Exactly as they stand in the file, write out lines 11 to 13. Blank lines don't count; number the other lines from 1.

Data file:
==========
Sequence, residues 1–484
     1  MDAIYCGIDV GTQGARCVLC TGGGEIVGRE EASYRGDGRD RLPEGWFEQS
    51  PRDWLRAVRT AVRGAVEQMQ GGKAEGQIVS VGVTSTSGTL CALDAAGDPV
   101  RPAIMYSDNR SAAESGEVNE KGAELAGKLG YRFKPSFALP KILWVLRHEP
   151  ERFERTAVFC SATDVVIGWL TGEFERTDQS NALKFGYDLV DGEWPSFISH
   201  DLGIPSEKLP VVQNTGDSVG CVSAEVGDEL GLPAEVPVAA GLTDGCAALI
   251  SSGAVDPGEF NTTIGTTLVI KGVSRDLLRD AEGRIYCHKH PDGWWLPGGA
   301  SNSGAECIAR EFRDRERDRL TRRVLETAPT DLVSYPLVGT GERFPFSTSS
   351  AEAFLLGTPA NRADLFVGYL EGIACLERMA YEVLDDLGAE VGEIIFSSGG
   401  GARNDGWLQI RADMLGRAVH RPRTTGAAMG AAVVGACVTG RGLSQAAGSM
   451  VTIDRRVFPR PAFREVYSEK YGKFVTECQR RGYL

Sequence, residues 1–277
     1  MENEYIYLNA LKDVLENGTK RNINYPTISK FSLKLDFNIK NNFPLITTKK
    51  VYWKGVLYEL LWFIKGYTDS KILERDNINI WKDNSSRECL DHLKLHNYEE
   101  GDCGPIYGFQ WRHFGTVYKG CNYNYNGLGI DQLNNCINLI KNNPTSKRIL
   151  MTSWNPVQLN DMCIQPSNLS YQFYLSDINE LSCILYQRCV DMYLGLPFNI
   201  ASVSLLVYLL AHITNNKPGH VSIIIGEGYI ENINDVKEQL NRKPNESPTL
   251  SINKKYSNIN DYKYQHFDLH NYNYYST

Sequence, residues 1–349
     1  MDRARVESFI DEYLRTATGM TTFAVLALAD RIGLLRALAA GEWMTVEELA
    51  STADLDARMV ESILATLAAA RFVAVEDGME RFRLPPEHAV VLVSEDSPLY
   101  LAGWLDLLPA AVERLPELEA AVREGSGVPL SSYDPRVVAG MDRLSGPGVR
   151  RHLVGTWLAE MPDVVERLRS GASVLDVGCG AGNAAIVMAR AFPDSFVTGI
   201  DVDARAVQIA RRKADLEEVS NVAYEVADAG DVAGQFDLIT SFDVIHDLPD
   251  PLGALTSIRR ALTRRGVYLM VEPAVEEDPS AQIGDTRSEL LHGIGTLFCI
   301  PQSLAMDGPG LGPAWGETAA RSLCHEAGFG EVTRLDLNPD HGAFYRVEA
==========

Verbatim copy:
   451  VTIDRRVFPR PAFREVYSEK YGKFVTECQR RGYL

Sequence, residues 1–277
     1  MENEYIYLNA LKDVLENGTK RNINYPTISK FSLKLDFNIK NNFPLITTKK